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April 01, 2017

Education for Ex-Offenders

The ABA expressed its support March 22 for legislation that passed the Maryland House and Senate to prohibit state-funded institutions of higher education from considering a person’s criminal history during the admissions process except in specific circumstances. “Education is directly related to better employment and lower rates of criminal recidivism,” ABA Governmental Affairs Director Thomas M. Susman wrote in letters to the Maryland General Assembly’s House Appropriations Committee and Senate Education, Health, and Environmental Committee. He added that allowing past offenders to be free from discrimination in higher education opportunities will even the playing field and allow them to better themselves professionally, thereby reducing the risk of further interaction with the criminal justice system. Susman said the legislation, Senate Bill 543 and House Bill 694, will help applicants who have a criminal history at least be considered for higher education, and, if admitted and allowed to graduate, will potentially help them get a better job later. He explained that the ABA has multiple projects, policies and standards ensuring fair treatment of individuals with criminal records, including the creation of the National Inventory of Collateral Consequences of Conviction, a publicly searchable database of collateral consequences in all U.S. jurisdictions. In addition, Section 19-3.1 of the ABA Standards on Collateral Sanctions and Discretionary Disqualification of Convicted Persons states that the legislature “should prohibit discretionary disqualification of a convicted person from benefits or opportunities, including housing, employment, insurance, and occupational and professional licenses, permits and certifications, on grounds related to the conviction, unless engaging in the conduct underlying the conviction would provide a substantial basis for disqualification even if the person had not been convicted.”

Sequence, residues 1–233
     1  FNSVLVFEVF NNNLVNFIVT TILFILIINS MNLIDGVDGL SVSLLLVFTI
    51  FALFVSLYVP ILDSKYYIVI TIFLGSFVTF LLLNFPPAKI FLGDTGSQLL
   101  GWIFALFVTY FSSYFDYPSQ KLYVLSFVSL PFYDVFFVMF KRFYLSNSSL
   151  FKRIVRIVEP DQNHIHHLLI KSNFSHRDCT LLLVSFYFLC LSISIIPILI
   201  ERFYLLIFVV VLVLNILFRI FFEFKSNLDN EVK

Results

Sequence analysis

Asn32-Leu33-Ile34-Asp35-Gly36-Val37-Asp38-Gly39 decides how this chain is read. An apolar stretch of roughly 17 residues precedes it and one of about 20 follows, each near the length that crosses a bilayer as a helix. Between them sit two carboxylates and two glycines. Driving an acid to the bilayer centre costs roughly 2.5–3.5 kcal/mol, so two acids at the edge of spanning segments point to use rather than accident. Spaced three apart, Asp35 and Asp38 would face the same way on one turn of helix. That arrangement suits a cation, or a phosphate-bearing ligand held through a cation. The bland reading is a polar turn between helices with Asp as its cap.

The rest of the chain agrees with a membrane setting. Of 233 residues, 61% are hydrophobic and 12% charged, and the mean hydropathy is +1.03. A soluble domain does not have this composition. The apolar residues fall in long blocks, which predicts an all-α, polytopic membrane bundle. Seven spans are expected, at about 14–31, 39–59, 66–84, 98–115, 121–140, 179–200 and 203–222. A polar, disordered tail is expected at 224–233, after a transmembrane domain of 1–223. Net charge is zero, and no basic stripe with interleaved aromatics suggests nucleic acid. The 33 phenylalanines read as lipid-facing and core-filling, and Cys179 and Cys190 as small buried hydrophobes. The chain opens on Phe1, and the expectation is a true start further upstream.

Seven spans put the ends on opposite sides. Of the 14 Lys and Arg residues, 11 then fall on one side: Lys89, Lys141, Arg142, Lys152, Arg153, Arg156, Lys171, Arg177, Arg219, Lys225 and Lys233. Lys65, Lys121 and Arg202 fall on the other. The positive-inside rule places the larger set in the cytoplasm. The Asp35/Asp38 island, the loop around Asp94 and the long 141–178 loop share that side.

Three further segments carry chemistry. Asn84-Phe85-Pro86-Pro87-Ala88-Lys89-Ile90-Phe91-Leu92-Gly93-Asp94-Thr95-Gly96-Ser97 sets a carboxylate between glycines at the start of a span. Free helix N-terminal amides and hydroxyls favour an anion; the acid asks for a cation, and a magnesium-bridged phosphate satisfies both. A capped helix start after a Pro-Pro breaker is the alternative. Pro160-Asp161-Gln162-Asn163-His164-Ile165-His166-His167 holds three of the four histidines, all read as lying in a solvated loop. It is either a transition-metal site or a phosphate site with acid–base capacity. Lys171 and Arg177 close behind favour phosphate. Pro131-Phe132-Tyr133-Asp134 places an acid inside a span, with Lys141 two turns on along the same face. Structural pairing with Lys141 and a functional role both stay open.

Back to the April 2017 Washington Letter